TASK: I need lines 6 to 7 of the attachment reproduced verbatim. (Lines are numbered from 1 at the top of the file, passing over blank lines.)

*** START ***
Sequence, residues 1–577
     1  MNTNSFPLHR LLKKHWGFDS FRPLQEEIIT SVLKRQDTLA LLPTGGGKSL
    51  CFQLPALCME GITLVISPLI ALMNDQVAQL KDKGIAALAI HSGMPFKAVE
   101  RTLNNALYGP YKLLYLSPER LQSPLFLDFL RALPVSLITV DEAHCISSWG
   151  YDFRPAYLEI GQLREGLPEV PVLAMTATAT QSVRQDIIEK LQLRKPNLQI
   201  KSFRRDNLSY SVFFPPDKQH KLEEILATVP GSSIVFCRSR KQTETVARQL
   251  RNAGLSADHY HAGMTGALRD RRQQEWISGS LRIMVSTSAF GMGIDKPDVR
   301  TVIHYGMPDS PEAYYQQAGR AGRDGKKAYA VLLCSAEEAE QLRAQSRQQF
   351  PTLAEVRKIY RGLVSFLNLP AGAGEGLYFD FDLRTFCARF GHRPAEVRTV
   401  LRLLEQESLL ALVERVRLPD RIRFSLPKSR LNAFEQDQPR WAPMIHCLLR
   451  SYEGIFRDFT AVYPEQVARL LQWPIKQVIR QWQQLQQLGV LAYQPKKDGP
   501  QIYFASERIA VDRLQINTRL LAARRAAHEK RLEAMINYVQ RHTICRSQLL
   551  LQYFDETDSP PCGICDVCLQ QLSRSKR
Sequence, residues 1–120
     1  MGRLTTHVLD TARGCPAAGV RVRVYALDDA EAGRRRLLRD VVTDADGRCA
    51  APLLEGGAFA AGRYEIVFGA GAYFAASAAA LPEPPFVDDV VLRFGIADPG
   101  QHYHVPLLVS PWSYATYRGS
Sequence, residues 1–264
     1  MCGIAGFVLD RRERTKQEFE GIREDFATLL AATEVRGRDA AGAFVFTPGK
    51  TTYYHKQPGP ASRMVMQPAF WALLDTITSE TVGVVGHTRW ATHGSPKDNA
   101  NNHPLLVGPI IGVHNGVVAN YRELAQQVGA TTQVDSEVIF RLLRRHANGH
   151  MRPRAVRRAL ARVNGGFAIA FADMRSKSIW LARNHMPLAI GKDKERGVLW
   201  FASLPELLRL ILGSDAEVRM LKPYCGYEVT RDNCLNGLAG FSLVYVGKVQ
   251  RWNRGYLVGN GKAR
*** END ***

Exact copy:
   201  KSFRRDNLSY SVFFPPDKQH KLEEILATVP GSSIVFCRSR KQTETVARQL
   251  RNAGLSADHY HAGMTGALRD RRQQEWISGS LRIMVSTSAF GMGIDKPDVR